Computer vision continues to be one of the fastest-growing fields in machine learning. Both web and mobile developers are harnessing the power of cameras as sensors and the hardware behind them to create unique and impactful user experiences.
Eye-D is one example of such a use case. Starting in 2012, the team at the Bangalore-based outfit has been working with computer vision to help the visually impaired live more independent and confident lives. Eye-D helps people with visual impairments be location-aware, explore and navigate nearby places of interest, evaluate surroundings with their smartphone cameras, and read printed text, to name just a few features.
And now the team has extended Eye-D’s reach and accessibility to more than 160 countries and 14 languages, with plans to continue growing. We had a chance to chat with Eye-D Founder Gaurav Mittal about the the app’s history, how it’s changed over the years, and more. Here’s our interview:
What’s your background and how did you come up with the idea for Eye-D?
Eye-D was conceptualized back in 2012 after we spent a day at the National Association for the Blind in Bangalore. We observed a very low technology footprint in the lives of people with visual impairments. The most intriguing part was that many people there are very technologically sound — they even have a computer lab where they write working code! So as engineers, we started thinking of ways we could empower the visually impaired with technology. These folks couldn’t see the world, but they weren’t blind to technology. Instead, they were only lacking solutions.
Initially the focus was on building a standalone hardware that would help someone with a visual impairment move around by providing alerts about obstacles. The hardware was then enhanced to process images using multiple cameras and sensors. However, as a product, it didn’t strike a chord with our users. By 2014 we started seeing smartphone adoption among the visually impaired community. This made us think more deeply about accessibility, and by then end of 2015, we launched the Eye-D app. Ever since, the apps (Free, Pro, iOS) have evolved to do much more than what we started off with, and now our apps are assisting visually impaired users in 160+ countries in 14 languages.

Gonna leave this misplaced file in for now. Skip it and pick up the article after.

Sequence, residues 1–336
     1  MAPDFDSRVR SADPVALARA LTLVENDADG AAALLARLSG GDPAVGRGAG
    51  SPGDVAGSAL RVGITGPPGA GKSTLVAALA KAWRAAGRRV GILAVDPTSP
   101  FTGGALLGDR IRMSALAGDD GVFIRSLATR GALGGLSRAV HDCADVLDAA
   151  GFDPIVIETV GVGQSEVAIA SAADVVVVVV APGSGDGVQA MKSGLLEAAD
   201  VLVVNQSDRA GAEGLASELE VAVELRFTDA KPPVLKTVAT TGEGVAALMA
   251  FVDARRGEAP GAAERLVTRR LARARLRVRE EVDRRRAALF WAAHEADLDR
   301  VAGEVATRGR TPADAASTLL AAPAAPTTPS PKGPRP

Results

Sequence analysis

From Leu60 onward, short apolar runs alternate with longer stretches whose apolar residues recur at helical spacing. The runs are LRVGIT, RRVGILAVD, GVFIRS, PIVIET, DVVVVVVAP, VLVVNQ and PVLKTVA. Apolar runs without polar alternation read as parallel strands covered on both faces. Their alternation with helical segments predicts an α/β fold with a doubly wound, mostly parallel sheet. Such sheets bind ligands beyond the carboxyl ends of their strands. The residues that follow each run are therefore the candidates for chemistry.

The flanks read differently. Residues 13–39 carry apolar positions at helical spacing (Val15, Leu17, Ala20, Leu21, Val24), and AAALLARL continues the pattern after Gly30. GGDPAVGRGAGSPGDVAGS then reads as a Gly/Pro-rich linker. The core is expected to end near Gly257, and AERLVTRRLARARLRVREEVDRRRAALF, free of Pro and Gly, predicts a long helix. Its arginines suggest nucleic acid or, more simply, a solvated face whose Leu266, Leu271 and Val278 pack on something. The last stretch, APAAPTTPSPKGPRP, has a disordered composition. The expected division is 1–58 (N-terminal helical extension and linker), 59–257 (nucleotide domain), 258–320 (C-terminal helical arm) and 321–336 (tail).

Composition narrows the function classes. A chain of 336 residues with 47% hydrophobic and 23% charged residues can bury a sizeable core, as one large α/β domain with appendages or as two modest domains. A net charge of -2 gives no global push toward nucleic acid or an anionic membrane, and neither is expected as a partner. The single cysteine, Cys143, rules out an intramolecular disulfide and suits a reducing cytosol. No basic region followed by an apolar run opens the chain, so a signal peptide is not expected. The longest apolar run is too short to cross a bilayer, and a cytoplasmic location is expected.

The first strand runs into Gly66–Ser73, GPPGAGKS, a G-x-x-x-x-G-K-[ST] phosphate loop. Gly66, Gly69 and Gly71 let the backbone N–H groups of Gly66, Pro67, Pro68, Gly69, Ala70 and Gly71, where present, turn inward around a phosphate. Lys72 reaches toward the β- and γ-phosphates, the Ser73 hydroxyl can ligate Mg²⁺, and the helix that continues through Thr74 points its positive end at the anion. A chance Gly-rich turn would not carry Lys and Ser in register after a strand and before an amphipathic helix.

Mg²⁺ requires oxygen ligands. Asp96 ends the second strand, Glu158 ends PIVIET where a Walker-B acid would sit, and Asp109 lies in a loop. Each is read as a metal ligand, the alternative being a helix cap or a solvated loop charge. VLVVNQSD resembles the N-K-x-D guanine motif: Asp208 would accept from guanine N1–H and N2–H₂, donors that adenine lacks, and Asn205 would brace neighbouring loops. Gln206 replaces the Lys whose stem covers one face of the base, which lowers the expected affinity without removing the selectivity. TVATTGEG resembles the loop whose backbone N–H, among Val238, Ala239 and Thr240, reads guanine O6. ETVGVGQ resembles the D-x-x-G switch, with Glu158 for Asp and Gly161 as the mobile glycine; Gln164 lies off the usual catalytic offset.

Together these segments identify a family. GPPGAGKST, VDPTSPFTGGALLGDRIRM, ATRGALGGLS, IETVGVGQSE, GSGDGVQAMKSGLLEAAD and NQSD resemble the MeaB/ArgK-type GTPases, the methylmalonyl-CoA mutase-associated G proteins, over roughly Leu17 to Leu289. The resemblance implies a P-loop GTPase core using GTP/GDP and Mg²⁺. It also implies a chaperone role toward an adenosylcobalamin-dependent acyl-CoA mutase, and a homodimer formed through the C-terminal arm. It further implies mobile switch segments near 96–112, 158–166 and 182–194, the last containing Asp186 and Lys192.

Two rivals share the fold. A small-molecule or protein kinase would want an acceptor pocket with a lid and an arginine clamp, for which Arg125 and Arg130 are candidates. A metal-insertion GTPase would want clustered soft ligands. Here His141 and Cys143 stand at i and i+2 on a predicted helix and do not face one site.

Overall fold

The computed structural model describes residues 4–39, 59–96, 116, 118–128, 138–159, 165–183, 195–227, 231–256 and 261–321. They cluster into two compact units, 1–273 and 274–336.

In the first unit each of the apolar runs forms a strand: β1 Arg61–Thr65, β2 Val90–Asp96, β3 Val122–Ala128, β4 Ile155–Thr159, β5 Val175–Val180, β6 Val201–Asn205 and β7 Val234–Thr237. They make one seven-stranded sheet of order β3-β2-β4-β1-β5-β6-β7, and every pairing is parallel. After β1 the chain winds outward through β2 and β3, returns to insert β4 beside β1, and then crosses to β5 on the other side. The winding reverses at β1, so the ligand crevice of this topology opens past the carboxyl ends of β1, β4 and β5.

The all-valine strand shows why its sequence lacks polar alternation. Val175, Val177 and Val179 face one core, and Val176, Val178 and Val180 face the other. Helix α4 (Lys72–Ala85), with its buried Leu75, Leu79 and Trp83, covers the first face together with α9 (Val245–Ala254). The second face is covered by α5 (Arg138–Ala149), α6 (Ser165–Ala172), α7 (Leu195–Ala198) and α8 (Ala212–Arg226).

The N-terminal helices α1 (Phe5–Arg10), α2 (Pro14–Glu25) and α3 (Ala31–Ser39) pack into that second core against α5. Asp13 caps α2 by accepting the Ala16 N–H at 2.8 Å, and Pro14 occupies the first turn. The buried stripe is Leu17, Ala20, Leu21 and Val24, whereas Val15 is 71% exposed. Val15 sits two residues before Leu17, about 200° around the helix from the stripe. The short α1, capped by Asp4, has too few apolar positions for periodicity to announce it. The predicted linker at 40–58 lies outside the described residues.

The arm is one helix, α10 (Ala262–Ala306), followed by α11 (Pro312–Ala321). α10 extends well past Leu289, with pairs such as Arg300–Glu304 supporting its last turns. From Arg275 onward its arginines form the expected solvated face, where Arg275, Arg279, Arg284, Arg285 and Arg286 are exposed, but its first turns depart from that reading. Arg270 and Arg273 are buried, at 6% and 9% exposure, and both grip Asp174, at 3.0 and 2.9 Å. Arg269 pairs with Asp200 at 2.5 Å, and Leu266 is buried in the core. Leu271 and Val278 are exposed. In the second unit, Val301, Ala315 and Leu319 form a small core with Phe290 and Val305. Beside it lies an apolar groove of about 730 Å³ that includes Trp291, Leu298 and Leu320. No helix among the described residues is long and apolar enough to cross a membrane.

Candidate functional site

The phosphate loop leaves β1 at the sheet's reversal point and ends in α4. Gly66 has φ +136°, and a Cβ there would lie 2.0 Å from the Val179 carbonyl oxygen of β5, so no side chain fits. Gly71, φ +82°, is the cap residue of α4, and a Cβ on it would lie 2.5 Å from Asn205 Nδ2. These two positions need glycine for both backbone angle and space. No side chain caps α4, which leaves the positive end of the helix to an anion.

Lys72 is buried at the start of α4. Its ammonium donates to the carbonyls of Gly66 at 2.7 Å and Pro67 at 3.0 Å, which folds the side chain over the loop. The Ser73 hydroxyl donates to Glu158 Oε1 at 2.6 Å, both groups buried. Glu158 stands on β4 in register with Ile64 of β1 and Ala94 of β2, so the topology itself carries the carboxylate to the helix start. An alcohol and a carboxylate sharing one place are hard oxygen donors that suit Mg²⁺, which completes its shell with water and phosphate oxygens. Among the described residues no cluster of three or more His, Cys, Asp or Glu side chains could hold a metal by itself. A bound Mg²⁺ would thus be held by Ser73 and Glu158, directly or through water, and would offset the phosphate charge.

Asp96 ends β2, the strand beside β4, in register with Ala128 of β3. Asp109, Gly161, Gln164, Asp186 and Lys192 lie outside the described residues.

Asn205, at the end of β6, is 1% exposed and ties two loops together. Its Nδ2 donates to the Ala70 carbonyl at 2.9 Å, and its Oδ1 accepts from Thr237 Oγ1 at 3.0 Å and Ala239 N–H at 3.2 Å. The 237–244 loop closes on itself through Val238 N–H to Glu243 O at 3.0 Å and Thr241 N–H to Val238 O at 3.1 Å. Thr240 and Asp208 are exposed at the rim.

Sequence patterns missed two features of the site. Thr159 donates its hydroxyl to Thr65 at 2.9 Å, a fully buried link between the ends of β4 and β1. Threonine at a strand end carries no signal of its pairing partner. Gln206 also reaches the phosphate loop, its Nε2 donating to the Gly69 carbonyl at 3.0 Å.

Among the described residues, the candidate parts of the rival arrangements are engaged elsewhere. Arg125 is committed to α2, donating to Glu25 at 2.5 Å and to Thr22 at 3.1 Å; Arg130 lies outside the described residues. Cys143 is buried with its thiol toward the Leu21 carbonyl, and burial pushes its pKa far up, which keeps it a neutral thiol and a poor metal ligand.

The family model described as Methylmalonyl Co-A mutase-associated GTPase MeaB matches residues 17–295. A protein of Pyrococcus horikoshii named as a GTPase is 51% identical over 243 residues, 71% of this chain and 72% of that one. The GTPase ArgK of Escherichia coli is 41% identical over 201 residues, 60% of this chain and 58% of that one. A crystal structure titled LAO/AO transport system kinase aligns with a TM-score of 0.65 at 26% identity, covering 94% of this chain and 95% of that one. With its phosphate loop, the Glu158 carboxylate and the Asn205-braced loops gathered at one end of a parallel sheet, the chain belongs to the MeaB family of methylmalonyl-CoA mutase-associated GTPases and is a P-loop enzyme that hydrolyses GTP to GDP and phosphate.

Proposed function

What’s does your tech stack look like, and what tools did you find helpful?
The Eye-D Apps are built to provide the same experience regardless of devices. The apps are powered by ML and AI and run with the help of multiple services that we’ve built over time on our servers, which are integrated into the app. The algorithms that power the app have evolved with the help of continuous user feedback.
We do a lot of work using TensorFlow, openCV, etc. Since we built the product for people with visual impairments, we’ve tried to ensure that the interface is friendly/accessible for that community. We also make sure that users get the desired result in the most intuitive way possible. Thus, the apps are optimized to work along with TalkBack on Android and VoiceOver on iOS.
What was the hardest part of building Eye-D?
The hardest part in developing any product is striking a balance between feasibility and user needs while also ensuring product-market fit. It took us significant time to arrive at what Eye-D is today. Our users have played a vital role in shaping the product, and without their help, it would have been tough. It’s been a rollercoaster ride since inception, and initially when we started working on the apps, limited processing power was a challenge on mobile devices. Internet connectivity was also an issue, but with time, the evolution from 2G to 3G to 4G has helped.
Do you have any advice for other developers who are looking to get started with machine learning?
We’d like to point out a few things that a new developer should keep in mind based on our experiences. First, develop clarity in your thoughts about what exactly you’re planning to achieve with machine learning.
Second, you don’t have to develop your model each and every time you want to test something. There are N number of models available online that you can apply transfer learning to in order to make them suitable for your project.
Third, if you’re planning to run the model on device, then do keep in mind these things: layers, battery consumption, processing power, etc. And there will be additional constraints if you’re trying to build something for a specific use case that requires acceleration.
Fourth, if you hit a hard wall and feel like the development is going nowhere, ask for feedback from the developer community. Finally, please always keep in mind the end user, as sometimes we tend to complicate things that are often simple.